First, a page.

The goal of indie is to make your idea come true. The goal of the business is to build a sustainable product that can pay for itself and earn money. At the same time, these are not contradictory concepts. When you get on the business rails, no one stops you from doing your dream project. It just changes the approach to its implementation... and greatly increases the chances of success. It is enough just to transform the project so that it becomes more in demand on the market.
But what should we do so that the indie game does not turn into a business substance alien to the creator? It is best to clearly identify the principles that will be followed in this project, outline the range of decisions that only you can make — and no one else. As long as these basic provisions are followed, the project will remain yours.
What happens if you confuse indie and business
Even the most evil publisher can release a completely soulful game. Moreover, any evil publisher wants to release soul games. He just wants to release soulful games that will be commercially successful. And for this, they need clear development deadlines and budgets. That is exactly what indie usually lacks.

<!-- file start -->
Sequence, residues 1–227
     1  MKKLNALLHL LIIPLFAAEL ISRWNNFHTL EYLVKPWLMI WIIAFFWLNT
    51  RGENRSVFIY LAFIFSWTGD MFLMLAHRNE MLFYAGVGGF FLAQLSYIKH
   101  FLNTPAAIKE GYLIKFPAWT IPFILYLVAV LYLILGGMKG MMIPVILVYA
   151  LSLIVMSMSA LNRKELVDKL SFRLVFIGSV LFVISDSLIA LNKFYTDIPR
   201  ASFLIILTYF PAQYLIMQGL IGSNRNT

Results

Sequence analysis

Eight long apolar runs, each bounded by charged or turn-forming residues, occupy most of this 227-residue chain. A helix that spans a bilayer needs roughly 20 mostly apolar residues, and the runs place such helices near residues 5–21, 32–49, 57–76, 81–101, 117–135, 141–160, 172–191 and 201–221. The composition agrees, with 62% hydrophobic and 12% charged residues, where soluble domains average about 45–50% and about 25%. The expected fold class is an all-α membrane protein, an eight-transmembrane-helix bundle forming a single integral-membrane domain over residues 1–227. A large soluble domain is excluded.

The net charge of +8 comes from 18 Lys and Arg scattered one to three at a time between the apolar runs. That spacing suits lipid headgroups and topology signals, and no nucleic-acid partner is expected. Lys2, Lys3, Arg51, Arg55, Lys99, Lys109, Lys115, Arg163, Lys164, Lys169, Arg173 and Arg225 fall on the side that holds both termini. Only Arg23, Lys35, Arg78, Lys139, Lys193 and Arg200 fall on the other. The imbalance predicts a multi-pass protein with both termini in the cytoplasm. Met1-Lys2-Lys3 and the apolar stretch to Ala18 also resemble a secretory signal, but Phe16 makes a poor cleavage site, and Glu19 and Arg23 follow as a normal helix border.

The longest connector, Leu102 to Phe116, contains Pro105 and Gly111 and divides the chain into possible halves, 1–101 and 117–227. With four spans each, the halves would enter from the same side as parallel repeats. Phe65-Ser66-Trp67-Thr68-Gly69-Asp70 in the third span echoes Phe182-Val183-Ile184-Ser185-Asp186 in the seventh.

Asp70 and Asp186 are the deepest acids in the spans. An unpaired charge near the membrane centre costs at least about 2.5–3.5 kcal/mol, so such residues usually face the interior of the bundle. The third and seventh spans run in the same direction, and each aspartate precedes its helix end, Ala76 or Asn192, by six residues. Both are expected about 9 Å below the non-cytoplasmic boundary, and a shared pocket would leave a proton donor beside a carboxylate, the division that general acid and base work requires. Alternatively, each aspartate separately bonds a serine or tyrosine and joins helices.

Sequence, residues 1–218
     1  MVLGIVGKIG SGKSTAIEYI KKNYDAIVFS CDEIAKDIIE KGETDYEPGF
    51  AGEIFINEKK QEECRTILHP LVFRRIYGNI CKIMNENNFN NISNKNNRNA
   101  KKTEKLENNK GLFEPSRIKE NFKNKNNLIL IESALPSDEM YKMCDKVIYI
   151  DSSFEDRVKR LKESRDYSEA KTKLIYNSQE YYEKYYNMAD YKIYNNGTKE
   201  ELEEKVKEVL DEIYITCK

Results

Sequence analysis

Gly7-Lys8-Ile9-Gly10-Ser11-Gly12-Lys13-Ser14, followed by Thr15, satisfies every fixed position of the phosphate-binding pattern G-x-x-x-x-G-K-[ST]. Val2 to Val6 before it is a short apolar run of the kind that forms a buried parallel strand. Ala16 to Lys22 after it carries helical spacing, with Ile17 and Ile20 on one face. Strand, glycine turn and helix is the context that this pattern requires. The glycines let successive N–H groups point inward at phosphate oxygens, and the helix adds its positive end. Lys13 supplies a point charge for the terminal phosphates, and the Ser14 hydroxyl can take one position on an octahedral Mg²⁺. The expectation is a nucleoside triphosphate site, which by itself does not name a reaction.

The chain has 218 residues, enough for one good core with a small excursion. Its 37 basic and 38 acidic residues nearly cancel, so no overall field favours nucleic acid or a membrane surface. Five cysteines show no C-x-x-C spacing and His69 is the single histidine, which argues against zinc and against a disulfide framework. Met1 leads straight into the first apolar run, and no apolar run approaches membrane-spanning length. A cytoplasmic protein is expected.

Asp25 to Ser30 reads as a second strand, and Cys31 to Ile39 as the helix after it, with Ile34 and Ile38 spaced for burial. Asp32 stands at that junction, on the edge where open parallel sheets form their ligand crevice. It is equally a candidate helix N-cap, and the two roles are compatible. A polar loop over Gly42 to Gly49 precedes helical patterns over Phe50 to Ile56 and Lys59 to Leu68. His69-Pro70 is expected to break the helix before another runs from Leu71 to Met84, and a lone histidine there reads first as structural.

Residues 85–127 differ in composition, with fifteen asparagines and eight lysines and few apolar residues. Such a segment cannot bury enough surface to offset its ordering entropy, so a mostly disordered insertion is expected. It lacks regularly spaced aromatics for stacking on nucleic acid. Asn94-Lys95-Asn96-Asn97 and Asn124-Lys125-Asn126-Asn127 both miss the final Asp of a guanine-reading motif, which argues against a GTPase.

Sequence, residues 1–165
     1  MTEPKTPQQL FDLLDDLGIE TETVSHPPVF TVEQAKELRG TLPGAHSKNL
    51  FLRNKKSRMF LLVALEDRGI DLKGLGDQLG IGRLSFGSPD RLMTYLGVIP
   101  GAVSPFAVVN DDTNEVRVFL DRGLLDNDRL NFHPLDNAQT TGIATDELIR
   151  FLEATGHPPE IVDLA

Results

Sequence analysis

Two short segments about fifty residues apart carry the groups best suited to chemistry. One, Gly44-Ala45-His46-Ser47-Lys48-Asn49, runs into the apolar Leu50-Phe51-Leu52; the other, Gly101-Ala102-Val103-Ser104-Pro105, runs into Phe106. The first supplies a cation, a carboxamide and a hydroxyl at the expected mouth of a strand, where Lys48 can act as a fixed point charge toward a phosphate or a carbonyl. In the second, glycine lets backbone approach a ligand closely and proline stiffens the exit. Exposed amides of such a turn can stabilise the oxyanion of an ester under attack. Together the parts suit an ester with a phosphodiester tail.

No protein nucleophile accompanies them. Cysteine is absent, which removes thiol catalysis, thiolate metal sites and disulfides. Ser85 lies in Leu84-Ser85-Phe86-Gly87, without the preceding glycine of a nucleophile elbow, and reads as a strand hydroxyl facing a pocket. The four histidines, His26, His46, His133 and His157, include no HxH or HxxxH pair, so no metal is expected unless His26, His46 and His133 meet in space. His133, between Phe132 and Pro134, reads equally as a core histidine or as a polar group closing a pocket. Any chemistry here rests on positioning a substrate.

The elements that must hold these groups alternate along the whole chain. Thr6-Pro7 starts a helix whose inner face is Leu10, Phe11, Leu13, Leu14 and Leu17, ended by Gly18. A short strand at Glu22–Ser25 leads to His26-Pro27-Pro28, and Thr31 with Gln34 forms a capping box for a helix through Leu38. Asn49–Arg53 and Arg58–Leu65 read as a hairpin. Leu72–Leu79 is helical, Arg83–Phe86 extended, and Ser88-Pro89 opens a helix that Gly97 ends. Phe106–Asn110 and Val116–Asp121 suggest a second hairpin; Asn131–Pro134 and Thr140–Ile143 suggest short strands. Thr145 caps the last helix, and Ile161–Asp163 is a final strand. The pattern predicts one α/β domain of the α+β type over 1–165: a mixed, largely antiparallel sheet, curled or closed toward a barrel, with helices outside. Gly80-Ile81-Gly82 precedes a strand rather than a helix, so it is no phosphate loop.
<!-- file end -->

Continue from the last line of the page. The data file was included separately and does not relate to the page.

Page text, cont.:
The publisher invades the work of creators for a reason. It is often external interference that allows the project to come out at least in some form, because internal perfectionism can force you to polish your game and add new features endlessly. Not all visionaries are able to work effectively independently, without control from above.
Recall at least the story of Daikatana from the once great John Romero. The rock star of the gaming industry, one of the authors of Wolfenstein 3D, Doom and Quake, the inventor of the FPS genre and just one of the most famous game designers in history, at some point left id Software and went to work on his own dream project. Daikatana was supposed to be the next breakthrough and the main game of the generation. The credit of trust in the master was so huge that the publisher gave his new studio Ion Storm full carte blanche and almost unlimited funding.
All this resulted in an extremely expensive office with a studio logo made of Italian marble on the floor, aggressive advertising with the slogan “John Romero's about to make you his bitch” and repeated disruption of all conceivable development deadlines. No, Daikatana was released after all — after three years instead of the originally promised seven months, on a different engine and not at all in the quality that the players expected. The project failed, and Romero has not created anything culturally significant since then.
The story of the long-awaited sequel to Duke Nukem 3D has become similar (and even sadder). The head of the 3D Realms studio, George Broussard, wanted to make Duke Nukem Forever the best in everything: the coolest, most technologically advanced, most beautiful…